edro.
What make and model was the firearm?

I knew this guy who had some species of Kel-Tec .380. He went to the range with me one day as my guest, and I had the curious experience of observing as the firearm essentially broke into pieces after firing only three rounds. :shock:

Turned out to be some sort of factory defect, and Kel-Tec sent him a new pistol.

That next pistol actually survived a day at the range.

--R
 
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ehb

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What make and model was the firearm?

I knew this guy who had some species of Kel-Tec .380. He went to the range with me one day as my guest, and I had the curious experience of observing as a firearm essentially broke into pieces after firing only three rounds. :shock:

Turned out to be some sort of factory defect, and Kel-Tec sent him a new pistol.

That next pistol actually survived a day at the range.

--R
I’ll post this as it was on a news site...

21FC0C22-428F-4F21-B215-47163B8E7E5A.jpeg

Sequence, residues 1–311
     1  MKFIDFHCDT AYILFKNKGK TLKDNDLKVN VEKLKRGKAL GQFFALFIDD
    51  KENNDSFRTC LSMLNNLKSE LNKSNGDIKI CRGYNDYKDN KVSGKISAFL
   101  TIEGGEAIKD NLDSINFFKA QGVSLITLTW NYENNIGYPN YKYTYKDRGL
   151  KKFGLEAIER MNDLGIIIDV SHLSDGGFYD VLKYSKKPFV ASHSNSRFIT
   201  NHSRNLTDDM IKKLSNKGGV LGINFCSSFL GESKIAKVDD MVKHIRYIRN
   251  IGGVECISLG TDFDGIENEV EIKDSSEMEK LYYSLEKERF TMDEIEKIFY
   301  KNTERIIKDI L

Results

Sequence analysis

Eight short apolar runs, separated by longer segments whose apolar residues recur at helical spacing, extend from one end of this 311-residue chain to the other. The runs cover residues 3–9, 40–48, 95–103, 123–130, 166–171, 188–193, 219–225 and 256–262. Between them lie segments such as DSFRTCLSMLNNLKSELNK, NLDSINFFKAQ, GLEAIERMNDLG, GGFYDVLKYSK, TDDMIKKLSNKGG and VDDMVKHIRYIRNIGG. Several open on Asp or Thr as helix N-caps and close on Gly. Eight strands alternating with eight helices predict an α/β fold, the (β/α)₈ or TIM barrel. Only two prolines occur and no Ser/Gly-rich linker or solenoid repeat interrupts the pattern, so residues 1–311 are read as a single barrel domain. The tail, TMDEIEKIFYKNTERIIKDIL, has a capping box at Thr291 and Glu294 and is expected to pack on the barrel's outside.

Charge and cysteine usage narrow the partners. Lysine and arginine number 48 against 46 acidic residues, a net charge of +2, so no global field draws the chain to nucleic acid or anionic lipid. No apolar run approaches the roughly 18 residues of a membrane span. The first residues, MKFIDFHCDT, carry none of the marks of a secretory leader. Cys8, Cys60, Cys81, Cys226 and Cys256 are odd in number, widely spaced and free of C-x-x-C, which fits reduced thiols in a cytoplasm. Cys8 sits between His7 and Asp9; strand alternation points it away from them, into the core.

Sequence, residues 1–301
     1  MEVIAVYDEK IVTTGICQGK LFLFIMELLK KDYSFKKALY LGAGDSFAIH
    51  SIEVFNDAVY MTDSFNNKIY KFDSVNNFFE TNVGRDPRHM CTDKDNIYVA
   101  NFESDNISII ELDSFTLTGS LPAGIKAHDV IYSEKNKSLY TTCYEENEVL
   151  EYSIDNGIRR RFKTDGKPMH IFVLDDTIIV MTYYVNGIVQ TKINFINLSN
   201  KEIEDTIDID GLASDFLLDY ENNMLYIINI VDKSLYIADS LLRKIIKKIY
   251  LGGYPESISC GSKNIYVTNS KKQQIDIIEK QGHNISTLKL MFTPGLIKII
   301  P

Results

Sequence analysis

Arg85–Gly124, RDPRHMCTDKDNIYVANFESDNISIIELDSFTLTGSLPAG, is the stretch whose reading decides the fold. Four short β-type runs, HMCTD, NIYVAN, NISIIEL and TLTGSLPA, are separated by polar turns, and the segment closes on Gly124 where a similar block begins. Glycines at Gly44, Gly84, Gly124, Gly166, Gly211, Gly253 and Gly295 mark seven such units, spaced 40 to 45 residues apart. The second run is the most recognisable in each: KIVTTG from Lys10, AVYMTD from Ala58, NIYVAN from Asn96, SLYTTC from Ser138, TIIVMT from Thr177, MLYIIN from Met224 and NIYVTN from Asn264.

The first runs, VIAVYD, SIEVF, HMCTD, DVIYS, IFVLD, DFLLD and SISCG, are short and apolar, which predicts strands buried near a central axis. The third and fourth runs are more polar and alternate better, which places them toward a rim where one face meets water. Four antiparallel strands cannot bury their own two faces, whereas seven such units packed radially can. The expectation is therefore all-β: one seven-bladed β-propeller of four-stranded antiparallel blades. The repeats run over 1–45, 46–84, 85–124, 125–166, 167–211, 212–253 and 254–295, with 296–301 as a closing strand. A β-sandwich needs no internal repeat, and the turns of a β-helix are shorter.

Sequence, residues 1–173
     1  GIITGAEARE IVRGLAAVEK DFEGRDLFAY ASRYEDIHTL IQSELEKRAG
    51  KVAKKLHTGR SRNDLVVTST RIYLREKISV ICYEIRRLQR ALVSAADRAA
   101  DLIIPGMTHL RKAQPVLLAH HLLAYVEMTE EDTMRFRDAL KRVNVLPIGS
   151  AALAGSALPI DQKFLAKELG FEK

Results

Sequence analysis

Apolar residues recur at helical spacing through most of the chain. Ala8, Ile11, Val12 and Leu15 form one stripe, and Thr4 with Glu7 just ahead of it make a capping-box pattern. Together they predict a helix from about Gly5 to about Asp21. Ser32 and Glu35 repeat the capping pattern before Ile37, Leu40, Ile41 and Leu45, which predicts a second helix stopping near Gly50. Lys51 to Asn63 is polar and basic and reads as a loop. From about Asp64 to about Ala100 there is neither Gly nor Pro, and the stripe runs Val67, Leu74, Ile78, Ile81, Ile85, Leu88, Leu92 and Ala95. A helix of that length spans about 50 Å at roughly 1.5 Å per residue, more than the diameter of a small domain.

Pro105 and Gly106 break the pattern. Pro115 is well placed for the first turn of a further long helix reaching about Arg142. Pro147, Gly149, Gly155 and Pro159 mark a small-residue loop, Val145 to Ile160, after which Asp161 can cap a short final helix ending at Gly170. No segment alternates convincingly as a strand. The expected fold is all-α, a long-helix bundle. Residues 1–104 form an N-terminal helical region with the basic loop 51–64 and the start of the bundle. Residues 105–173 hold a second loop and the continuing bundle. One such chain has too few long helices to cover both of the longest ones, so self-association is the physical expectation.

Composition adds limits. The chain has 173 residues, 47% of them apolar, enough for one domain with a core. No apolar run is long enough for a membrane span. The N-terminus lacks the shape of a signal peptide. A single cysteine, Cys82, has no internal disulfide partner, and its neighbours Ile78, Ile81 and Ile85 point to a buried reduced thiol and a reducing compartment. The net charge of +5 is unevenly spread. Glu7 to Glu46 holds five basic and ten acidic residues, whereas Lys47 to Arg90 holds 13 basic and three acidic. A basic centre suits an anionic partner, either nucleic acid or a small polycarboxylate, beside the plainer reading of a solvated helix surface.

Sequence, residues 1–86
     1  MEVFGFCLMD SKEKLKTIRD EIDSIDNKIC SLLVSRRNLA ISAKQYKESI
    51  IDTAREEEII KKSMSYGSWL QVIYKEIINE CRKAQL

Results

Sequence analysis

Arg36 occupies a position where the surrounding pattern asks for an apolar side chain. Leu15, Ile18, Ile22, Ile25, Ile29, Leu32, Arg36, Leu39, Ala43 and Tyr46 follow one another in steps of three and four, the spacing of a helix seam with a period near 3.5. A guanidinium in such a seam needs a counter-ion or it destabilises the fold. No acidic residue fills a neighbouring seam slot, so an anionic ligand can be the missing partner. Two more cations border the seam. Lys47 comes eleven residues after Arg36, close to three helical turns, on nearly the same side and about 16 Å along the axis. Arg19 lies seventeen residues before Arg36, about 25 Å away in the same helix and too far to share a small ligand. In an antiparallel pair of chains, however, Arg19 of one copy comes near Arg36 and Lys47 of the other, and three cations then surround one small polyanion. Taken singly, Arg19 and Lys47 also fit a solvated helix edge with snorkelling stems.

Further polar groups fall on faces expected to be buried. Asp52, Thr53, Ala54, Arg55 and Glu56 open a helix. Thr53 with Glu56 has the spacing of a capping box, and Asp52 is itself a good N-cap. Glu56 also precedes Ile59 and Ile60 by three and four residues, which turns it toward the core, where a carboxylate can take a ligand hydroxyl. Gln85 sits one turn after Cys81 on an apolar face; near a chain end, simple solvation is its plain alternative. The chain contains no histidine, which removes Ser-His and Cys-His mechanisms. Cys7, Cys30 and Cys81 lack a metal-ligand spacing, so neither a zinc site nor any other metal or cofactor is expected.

ehb

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Wish it was all laying on a flat plane instead of held...
 

ehb

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The gentleman was injured so I would rather not be overly specific as this may well be a drawn out issue.
 

ehb

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Interested to see what Robob can savvy from the pic... He’ll probably catch something I overlooked...
 

JonCanfield

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Yes. I haven't worked it as hard as I could because I keep getting pulled back to home improvement work by my old boss.

There is tons of potential for what the CO2 can do though. I get most work through friends telling friends, but if you advertised on FB Marketplace or Etsy, the potential is enormous.

My wife also makes tons of Christmas and birthday gifts on it....lol.

I know a few people that make wood items for sale on Etsy, but they were cutting with a scroll saw. I can cut their pieces out in bulk in a fraction of the time and send them out and they assemble whatever it is they are making.